Dietary intake of fiber, fruit and vegetables decreases the risk of incident kidney stones in women: A women's health initiative report

Mathew D. Sorensen*, Ryan S. Hsi, Thomas Chi, Nawar Shara, Jean Wactawski-Wende, Arnold J. Kahn, Hong Wang, Lifang Hou, Marshall L. Stoller

*Corresponding author for this work

Research output: Contribution to journalArticlepeer-review

38 Scopus citations

Abstract

Results Mean age of the women was 64±7 years, 85% were white and 2,937 (3.5%) experienced a kidney stone in a median followup of 8 years. In women with no history of kidney stones higher total dietary fiber (6% to 26% decreased risk, p <0.001), greater fruit intake (12% to 25% decreased risk, p <0.001) and greater vegetable intake (9% to 22% decreased risk, p=0.002) were associated with a decreased risk of incident kidney stone formation in separate adjusted models. In women with a history of stones there were no significant protective effects of fiber, fruit or vegetable intake on the risk of kidney stone recurrence.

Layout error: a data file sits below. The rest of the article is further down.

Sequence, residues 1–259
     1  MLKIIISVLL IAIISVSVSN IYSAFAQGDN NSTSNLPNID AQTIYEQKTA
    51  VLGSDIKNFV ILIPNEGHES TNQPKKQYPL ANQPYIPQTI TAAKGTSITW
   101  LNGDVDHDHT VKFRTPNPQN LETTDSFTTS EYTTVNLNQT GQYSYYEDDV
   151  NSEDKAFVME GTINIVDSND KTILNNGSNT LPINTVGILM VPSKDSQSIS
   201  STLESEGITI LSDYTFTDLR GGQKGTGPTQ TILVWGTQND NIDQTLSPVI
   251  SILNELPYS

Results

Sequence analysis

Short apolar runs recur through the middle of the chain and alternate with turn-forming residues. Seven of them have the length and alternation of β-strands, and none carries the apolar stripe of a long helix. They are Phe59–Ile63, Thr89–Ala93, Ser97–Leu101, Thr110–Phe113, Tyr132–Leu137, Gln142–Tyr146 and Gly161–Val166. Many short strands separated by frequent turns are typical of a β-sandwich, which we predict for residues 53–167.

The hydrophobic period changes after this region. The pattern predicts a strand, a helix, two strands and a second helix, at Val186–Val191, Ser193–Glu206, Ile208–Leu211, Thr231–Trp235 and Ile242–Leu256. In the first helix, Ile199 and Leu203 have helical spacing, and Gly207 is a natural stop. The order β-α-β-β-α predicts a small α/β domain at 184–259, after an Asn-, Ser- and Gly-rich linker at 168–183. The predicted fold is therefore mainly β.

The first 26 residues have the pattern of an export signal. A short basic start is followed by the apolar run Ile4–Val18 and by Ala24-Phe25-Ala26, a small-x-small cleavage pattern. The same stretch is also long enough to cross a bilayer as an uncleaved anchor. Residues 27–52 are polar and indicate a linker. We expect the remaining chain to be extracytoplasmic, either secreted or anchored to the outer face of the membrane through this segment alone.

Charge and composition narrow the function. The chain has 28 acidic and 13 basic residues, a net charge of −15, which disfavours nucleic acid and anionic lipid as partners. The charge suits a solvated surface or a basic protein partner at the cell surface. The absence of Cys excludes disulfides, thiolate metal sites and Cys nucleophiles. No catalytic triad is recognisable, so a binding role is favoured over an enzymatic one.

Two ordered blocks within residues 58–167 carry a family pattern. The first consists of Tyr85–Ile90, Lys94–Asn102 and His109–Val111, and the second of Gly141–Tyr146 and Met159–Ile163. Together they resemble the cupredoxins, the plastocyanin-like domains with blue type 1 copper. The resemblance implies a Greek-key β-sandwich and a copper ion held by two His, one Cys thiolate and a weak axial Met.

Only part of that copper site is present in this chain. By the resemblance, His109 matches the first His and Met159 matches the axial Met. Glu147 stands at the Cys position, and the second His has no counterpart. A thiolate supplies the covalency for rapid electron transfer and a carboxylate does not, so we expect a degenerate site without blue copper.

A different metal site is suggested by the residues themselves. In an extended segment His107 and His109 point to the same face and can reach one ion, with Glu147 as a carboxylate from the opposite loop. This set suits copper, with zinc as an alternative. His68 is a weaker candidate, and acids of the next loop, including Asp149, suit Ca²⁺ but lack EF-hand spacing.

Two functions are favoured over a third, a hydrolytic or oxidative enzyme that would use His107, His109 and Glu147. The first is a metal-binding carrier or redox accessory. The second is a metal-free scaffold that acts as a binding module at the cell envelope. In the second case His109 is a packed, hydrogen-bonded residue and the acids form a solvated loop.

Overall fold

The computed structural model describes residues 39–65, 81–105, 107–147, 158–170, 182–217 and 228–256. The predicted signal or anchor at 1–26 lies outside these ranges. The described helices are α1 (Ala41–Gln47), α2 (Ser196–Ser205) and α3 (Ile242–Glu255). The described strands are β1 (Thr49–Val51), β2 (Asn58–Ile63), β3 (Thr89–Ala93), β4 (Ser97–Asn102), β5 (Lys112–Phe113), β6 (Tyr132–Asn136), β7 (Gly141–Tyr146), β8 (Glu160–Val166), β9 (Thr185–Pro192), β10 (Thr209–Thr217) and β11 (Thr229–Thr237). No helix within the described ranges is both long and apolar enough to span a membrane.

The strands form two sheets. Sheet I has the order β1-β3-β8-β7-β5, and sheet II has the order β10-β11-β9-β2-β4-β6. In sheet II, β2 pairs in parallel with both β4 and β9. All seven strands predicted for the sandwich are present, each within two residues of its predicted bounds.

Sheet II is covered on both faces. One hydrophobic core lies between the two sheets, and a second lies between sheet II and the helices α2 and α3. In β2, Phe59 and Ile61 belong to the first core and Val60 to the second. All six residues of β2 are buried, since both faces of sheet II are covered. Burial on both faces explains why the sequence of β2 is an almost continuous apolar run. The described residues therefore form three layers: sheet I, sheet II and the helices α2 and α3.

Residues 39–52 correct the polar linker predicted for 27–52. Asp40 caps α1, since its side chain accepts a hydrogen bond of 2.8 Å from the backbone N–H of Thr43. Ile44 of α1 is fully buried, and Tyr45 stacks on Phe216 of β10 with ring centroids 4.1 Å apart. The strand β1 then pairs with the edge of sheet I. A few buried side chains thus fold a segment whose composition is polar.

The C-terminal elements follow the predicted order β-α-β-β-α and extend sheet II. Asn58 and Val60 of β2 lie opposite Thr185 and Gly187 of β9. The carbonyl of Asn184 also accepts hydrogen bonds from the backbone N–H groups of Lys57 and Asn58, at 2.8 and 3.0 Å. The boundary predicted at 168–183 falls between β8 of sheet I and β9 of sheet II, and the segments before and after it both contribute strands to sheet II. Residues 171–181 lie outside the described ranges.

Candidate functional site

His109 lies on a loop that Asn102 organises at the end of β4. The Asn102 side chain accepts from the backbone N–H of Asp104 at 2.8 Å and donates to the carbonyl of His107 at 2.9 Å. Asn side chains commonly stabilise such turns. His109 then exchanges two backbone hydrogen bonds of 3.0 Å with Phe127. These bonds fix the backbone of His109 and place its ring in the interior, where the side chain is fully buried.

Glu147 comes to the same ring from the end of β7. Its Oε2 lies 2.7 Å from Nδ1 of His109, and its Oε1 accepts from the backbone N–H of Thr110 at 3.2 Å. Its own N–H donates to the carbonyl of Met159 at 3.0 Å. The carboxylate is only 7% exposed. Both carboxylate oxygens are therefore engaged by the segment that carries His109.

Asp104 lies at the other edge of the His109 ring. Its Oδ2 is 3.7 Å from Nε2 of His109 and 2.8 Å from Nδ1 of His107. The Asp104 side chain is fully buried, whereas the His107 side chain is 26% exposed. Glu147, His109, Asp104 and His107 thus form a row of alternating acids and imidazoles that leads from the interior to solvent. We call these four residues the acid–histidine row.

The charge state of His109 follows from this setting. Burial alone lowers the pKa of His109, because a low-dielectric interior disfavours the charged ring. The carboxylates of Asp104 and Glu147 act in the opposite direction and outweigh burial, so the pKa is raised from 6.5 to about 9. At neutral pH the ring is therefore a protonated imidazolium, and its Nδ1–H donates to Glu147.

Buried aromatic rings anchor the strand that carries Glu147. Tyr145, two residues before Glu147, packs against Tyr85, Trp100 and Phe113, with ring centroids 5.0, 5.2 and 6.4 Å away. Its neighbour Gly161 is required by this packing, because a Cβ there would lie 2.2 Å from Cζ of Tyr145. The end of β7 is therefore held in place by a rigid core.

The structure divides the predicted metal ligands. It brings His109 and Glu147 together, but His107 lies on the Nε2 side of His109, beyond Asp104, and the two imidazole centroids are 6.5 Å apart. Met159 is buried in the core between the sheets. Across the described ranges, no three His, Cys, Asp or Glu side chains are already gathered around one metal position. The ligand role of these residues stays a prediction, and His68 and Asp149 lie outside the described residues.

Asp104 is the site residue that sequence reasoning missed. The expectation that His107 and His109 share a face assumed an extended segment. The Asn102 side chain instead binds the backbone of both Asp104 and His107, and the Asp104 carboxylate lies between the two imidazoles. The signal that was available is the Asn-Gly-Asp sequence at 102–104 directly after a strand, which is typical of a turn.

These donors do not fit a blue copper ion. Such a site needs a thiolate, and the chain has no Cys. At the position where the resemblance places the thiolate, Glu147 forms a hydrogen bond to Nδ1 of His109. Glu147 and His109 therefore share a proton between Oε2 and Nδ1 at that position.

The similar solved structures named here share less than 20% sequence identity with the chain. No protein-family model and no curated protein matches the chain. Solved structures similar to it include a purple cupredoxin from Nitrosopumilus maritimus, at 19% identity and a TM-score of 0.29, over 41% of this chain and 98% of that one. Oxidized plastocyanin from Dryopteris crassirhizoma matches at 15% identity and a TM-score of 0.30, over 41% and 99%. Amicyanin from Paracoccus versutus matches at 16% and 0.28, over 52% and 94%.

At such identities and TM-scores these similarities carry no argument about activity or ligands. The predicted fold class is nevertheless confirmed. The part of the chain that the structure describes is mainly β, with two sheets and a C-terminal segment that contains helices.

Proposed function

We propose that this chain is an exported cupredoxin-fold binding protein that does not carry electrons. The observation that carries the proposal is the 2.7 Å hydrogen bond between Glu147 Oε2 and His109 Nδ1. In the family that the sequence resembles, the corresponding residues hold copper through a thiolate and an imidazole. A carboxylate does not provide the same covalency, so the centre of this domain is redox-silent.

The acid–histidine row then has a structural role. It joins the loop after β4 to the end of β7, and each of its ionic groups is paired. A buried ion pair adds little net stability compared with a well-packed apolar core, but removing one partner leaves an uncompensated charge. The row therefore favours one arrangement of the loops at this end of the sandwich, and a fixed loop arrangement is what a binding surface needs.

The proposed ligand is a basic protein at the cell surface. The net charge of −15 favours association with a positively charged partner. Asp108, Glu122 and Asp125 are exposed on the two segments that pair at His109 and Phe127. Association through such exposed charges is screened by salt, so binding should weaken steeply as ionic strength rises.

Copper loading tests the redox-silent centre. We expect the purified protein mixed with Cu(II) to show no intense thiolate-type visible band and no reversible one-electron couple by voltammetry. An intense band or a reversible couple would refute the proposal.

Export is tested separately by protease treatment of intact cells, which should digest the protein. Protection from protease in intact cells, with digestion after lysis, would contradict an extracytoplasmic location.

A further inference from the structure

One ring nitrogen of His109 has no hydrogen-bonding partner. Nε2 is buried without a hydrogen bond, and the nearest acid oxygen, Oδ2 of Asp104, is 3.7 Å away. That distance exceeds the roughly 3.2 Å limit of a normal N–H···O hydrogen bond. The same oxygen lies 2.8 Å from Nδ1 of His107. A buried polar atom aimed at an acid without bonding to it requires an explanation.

Conclusions Greater dietary intake of fiber, fruits and vegetables was associated with a reduced risk of incident kidney stones in postmenopausal women. The protective effects were independent of other known risk factors for kidney stones. In contrast, there was no reduction in risk in women with a history of stones.

Materials and Methods Overall 83,922 postmenopausal women from the Women's Health Initiative observational study were included in the analysis and followed prospectively. Cox proportional hazards regression analyses were used to evaluate the associations between total dietary fiber, fruit and vegetable intake, and the risk of incident kidney stone formation, adjusting for nephrolithiasis risk factors (age, race/ethnicity, geographic region, diabetes mellitus, calcium supplementation, hormone therapy use, body mass index and calibrated caloric intake; and dietary water, sodium, animal protein and calcium intake). Women with a history of kidney stones (3,471) were analyzed separately.

Purpose We evaluated the relationship between dietary fiber, fruit and vegetable intake, and the risk of kidney stone formation.

Original languageEnglish (US)
Pages (from-to)1694-1699
Number of pages6
JournalJournal of Urology
Volume192
Issue number6
DOIs
StatePublished - Dec 1 2014

Keywords

  • dietary fiber
  • fruit
  • nephrolithiasis
  • urinary calculi
  • vegetables

ASJC Scopus subject areas

  • Urology

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